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Troubles for the Khatan Tuul River

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More than half of Mongolia’s population is residing near the Tuul River basin, which takes up three percent of Mongolia’s total land. The Khatan (Queen) Tuul River has provided clean, clear water since the time of our nomadic ancestors, whose lifestyle depended on the fresh water supply. Unfortunately, due to urbanization and industrialization, the Tuul River is now in need of protection.
Aside from the population of more than two million, various factors are harming the Tuul River’s ecosystem, including some 20,000 factories and enterprises, 400 hectares of irrigated crop production, 330,000 livestock, and Mongolia’s three major thermal power stations, which are the country’s main source of energy.

According to statistics, Mongolia takes 77 million cubic meters of water a year from water reserves of the Tuul River basin to supply the residents of Ulaanbaatar. Damage, erosion and deprivation of the Queen River, vegetative cover along the river banks, and dwindling forests have reached levels of concern owing to the operations of factories, tourism, construction areas and mining. Operations at the Ulaanbaatar Central Waste Water Treatment Plant (UCWWTP) are constantly faulty as a result of overloaded conditions. This is making it impossible for residents in the capital to carry out the traditional lifestyle of following the clean waters of the Tuul.

Mongolia is one of the top five most polluted countries in the world according to the pollution level set by the Global Environment Agency in 2013. Environmental protection agencies say that Mongolian pollution is increasing, instead of decreasing. If this continues, the Queen Tuul River will become the “Trash” Tuul River. It’s time for the government and relevant professional bodies to take notice of the fact that society and economic development may be harmed if ecological degradation continues.
The Tuul River is the sole source for drinking water for residents in Ulaanbaatar. Looking at research from the past two years, the technological capacity of UCWWTP is nowhere near overcoming increasing pollution.
Whenever Tuul River pollution is mentioned, we refer to the issues of the UCWWTP. However, it’s an exaggeration if we say that all of the river’s pollution is caused by the UCWWTP. Even if the UCWWTP upgrades its technology and boosts its cleaning power to 90 percent, it will not make significant changes because the plant is not the only source of pollution. The most significant sources of pollution of Ulaanbaatar’s only source of drinking water are building construction, facilities and plants in random areas, and making infrastructure and pollution issues a low priority while putting together the general development plan for Ulaanbaatar.
The Central Laboratory of Environmental Monitoring took tests along the Tuul River, from Ulaanbaatar down to Songino soum in Zavkhan Province, and Khadan Khyasaa in Selenge Province. The laboratory conducted chemical and pollution analysis. They conducted tests repeatedly for three weeks on wastewater coming into the UCWWTP and processed water coming out of the plant. The results of the tests showed that water from the Tuul River in these areas was either very highly polluted or hazardous for consumption. Specifically, after processed water from the UCWWTP mixes with the Tuul River and reaches Songino soum, Shine Tseg, and Khadan Khyasaa, oxygen levels drop and waver from 0.05 to 2.79 milligrams a liter, allowing pollution to reach hazardous levels. Biochemical oxygen demand (B.O.D) amounts in the water exceeded the acquiescence standard amount by 27 to 28 times. Azotemia ammonia in the water surpassed the acceptable amount by 36 to 94 times, and phosphorus by 5 to 30 times, indicating high levels of pollution. Permanganate oxide exceeded safe levels by 1.5 to 5.7 times, proving the toxicity of water in these areas.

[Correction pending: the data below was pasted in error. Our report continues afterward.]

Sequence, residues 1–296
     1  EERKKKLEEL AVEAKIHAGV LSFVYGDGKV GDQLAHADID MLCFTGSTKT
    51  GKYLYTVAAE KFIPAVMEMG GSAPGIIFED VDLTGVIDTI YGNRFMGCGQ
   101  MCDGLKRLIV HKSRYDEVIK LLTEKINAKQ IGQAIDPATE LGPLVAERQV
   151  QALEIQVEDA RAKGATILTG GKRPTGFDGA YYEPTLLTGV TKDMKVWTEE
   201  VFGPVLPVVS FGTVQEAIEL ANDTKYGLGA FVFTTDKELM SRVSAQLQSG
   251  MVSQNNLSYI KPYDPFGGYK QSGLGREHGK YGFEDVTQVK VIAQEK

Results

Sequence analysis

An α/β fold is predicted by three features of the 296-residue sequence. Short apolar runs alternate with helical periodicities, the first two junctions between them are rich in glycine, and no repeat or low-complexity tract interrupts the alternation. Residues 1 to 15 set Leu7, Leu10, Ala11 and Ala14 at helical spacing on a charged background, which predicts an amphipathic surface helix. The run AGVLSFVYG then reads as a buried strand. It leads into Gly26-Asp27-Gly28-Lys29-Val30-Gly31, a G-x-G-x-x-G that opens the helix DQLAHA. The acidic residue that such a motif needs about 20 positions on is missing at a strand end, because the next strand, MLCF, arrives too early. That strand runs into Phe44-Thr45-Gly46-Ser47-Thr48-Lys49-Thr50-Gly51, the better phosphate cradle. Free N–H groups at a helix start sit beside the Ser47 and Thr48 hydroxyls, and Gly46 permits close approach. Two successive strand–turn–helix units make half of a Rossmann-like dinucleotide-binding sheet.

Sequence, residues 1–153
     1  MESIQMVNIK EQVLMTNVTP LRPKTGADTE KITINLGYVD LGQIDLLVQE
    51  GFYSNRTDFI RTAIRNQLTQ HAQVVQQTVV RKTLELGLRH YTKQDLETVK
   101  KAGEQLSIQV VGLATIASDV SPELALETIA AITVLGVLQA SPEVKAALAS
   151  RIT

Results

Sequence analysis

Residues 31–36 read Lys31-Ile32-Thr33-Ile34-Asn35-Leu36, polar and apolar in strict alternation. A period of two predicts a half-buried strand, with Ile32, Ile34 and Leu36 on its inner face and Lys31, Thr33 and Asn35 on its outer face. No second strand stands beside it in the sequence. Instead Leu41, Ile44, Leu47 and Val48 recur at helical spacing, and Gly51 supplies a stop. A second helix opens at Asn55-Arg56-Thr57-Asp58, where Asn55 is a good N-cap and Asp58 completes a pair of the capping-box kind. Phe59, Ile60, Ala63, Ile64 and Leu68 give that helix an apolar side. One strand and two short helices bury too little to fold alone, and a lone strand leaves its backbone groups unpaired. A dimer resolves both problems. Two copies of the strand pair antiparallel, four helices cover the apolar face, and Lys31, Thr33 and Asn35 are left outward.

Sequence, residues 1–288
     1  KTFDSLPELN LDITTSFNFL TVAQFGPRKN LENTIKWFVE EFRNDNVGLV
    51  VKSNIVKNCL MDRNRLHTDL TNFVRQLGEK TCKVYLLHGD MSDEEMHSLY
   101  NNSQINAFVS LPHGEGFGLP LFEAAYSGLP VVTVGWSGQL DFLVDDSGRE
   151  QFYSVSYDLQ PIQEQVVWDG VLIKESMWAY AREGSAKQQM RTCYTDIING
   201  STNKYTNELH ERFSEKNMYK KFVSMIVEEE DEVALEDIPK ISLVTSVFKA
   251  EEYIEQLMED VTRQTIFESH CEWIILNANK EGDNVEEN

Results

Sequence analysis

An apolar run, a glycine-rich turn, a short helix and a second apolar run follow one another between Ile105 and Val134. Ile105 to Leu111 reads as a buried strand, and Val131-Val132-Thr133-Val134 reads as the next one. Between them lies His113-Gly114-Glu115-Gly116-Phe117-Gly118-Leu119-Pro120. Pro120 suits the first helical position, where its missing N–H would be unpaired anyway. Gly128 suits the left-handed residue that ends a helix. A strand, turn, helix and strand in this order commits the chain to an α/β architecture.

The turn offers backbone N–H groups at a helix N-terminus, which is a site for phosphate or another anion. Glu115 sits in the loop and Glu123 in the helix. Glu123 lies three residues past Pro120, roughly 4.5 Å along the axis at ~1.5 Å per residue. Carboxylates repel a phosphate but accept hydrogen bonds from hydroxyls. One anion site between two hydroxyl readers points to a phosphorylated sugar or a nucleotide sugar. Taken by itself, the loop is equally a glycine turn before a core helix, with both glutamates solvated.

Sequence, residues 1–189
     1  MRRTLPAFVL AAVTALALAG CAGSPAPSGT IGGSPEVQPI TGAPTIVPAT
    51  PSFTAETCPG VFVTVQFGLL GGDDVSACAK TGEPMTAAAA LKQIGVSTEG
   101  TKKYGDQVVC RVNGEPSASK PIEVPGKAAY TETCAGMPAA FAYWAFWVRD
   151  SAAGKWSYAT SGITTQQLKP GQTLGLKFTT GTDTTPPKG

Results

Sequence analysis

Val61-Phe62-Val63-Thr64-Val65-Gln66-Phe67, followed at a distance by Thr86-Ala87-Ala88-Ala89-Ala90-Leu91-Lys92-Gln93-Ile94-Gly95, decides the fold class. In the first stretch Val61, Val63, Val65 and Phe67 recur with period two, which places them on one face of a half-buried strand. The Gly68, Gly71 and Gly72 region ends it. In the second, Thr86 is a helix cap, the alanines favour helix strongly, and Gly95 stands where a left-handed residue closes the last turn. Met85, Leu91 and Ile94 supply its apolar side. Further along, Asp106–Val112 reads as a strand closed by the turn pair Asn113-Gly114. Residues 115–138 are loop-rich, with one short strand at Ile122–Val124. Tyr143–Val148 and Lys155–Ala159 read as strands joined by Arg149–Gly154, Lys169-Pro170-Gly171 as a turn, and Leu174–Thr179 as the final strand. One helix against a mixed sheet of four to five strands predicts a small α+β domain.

On the other hand, when combined tests from water coming in and out of the plant were taken and analyzed for daily cleaning processes, cleaning capacity had grown from 50.7 to 52.8 percent. Each day, 160 to 200 thousand cubic meters of partially cleaned water drains out of this plant and flows into the Tuul. There’s no assurance that people living along the river and drinking its water can live on this highly polluted waterway. The same applies to animals.
In 2012, the government made Resolution No. 203 and approved the Khatan Tuul Program. In Chapter 2.1.3, it states, “Polluters must pay and consumers must protect.” This principle isn’t being followed, even to this day. It’s even uncertain about whether the program, itself, is being implemented.
There should be a continuity of policies and decisions made by the government. If government policy is approved, its implementation should continue and the parliament should monitor it regardless of changes in ruling parties. This program is clear evidence, proving that the Mongolian policy system doesn’t have continuity. Politics isn’t necessary for protecting the Queen Tuul River. It should be protected despite gubernatorial and ruling party changes. It’s time to let the public know who is implementing or hindering the Queen Tuul Program, where and how.



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